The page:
the list, and associates with each thread a summary, that starts out
empty of course. From time to time, a human visits the SummaryDesk
main page, and selects a list and thread(s) to work on. SummaryDesk
presents the selected threads in a conveniently browseable form, and
by each thread is a text box, where the summarizer can enter that
thread's summary. As she updates the summary, she can save her
work-in-progress at any time. At some point, she marks the thread's
summary as "publishable", meaning that it will be included in the next
scheduled auto-publication of the summary newsletter. Marking a
summary as publishable doesn't mean she has to stop working on that
summary, it just means that whenever the newsletter goes out, the
current state of the summary will be used. The summarizer can also
write a "header" and "footer" summary for the list for that week, to
give an overview of what list activity has been like. Like the
individual thread summaries, these overviews are not published until
marked as publishable.
SummaryDesk stores all its data in a database. It is a
self-updating system: that is, no manual update process is required
when SummaryDesk comes back online after being offline for a while.
SummaryDesk just looks at the mailing list archives and brings itself
up-to-date whenever it is invoked. (Well, actually, it doesn't look
directly at the archives, it looks at the ThreadFind reflection of the
archives; see Dependencies for more on
As you may have guessd by now, SummaryDesk is not a
production-ready system yet. Remaining work, in no particular
- Text and xml formats for the Publication system, and the toggle of the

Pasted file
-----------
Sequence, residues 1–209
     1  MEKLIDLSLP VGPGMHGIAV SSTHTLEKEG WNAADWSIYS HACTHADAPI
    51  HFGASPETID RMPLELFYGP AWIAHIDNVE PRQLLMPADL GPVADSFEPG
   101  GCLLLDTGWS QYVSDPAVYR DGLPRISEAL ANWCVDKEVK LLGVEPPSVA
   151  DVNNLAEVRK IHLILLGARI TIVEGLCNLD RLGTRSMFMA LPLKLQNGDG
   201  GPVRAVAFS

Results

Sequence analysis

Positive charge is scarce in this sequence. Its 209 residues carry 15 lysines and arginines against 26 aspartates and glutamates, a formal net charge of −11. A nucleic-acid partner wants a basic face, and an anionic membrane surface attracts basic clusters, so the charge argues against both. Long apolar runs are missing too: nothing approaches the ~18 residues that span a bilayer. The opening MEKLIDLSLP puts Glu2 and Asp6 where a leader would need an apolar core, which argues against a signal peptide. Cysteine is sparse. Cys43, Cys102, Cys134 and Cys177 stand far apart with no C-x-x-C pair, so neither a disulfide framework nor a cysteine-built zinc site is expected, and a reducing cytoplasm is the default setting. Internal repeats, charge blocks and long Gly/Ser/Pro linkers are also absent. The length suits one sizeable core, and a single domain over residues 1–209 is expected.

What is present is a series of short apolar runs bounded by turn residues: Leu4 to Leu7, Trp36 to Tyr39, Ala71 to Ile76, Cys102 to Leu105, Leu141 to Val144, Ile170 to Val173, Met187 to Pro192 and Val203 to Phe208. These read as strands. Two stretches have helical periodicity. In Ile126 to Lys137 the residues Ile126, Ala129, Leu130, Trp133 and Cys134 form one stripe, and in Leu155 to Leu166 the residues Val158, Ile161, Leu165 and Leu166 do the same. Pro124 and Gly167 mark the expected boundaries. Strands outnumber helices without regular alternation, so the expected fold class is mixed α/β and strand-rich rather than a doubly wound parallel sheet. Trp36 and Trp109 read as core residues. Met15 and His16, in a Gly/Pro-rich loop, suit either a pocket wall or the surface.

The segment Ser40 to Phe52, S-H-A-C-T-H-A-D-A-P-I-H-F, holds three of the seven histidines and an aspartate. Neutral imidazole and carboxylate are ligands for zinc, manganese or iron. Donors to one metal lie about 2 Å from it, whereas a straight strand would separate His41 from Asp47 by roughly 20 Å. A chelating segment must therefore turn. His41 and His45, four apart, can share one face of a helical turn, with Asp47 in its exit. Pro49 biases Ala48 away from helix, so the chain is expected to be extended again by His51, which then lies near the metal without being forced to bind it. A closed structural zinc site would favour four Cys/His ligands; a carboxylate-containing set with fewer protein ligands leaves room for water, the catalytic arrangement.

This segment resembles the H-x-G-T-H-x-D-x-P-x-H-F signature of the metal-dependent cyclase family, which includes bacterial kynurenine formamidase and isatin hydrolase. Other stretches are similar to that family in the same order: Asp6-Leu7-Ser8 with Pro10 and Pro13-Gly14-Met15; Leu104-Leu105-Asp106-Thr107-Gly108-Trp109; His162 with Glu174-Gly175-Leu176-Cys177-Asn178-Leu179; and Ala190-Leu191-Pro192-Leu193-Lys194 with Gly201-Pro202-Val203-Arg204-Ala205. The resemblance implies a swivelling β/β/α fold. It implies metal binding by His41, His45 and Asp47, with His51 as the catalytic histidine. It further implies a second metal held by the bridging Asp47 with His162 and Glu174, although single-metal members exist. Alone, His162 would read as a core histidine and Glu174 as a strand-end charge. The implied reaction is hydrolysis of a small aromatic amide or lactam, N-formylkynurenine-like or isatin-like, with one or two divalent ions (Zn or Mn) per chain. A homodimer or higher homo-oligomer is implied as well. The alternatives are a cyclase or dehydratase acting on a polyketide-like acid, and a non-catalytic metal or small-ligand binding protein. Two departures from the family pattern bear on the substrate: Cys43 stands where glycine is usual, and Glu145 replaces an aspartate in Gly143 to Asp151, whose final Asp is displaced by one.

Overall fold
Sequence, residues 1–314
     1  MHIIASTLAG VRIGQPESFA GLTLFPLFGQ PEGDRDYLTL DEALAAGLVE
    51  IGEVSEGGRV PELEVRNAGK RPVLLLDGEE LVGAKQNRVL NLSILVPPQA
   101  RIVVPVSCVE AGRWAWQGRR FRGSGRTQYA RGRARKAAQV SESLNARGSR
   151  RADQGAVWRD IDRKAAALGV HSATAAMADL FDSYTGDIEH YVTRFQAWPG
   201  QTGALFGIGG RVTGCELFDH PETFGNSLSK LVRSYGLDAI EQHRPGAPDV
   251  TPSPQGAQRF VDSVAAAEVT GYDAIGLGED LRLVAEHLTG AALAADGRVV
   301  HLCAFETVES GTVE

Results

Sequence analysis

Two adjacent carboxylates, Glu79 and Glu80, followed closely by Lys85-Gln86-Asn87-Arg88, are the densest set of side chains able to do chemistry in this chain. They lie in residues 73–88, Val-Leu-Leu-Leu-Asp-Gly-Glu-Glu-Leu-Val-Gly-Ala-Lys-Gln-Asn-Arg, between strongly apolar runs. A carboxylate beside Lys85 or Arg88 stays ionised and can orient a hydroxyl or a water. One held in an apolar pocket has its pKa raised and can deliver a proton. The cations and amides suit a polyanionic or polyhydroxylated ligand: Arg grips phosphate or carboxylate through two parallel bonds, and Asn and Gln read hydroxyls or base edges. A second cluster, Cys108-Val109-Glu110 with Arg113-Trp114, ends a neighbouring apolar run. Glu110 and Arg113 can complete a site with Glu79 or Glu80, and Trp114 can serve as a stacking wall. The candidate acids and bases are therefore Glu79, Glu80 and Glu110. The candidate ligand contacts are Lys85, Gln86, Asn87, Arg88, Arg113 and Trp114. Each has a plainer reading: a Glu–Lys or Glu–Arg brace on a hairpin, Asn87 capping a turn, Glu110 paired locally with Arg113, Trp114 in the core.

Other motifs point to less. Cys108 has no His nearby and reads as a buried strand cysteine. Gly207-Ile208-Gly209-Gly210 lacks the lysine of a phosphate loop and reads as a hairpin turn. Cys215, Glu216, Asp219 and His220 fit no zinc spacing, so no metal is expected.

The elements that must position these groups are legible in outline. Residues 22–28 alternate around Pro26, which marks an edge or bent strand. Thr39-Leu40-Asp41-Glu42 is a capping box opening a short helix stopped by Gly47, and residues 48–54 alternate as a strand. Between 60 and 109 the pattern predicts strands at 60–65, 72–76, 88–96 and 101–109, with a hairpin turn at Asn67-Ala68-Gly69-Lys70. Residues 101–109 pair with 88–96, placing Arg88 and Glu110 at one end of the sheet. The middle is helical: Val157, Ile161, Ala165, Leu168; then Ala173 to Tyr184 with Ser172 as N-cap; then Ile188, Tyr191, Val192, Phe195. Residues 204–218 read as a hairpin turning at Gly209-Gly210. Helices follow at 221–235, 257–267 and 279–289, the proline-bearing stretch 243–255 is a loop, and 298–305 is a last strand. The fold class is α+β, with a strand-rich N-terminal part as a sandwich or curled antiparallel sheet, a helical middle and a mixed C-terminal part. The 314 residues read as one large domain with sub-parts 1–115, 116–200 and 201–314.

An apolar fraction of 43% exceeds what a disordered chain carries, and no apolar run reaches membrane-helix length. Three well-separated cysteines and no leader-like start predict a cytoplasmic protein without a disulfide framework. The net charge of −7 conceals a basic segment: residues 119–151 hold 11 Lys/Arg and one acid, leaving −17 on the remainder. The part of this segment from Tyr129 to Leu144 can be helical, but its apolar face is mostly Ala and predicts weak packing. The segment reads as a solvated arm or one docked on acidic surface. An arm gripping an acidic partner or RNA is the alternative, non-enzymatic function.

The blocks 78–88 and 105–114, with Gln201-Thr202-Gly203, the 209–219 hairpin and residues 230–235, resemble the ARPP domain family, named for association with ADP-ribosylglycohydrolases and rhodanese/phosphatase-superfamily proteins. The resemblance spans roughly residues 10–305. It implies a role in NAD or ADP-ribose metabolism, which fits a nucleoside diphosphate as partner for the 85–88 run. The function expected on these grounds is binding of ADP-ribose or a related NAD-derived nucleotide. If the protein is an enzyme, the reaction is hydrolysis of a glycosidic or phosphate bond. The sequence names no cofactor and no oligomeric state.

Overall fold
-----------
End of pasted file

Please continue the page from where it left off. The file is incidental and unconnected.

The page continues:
publishable fields in the database.
- Beautify the html pages.
- List messages in thread order
- More efficient way of displaying threads in the summary-status
page be devised? (This problem becomes apparent as one starts
- More keybinding (similar to emacs?) so that user does not need to
navigate between the message-list and the summary-editor pages
using the mouse.
SummaryDesk uses ThreadFind to actually gather the messages. ThreadFind is an
independent system whose purposes are beyond the scope of this
document. However, having SummaryDesk watch a mailing list requires
also having ThreadFind watch that list; this is easy to configure and
will be covered in the documentation, which we're still writing.
How to get it working, from scratch.
Create the database user.
Make sure the mysql users summarydeskrw' and 'summarydeskro'
exist, that the first has read/write access to an existing database
named summarydesk, and that the second has read-only access:
$ mysql -u root -p
mysql> grant all on summarydesk.* to summarydeskrw@localhost
identified by 'SECRET';
mysql> grant select on summarydesk.* to summarydeskro@localhost
identified by 'SECRET';
Create the database.
$ echo "create database summarydesk;" \
| mysql -u summarydeskrw --password=SECRET
$ cat init-summarydesk.sql \
| mysql -u summarydeskrw --password=SECRET summarydesk
Configure an instance of ThreadFind (http://threadfind.tigris.org/).
Configure your Web server for SummaryDesk:
Alias /summarydesk /path/to/summarydesk/folder/ending/with/summarydesk
Options Indexes +ExecCGI
Run summarydesk-ctl -c config-file [-d DD-MM-YYYY] start
Start summarizing at http://yourhosthere/summarydesk/ !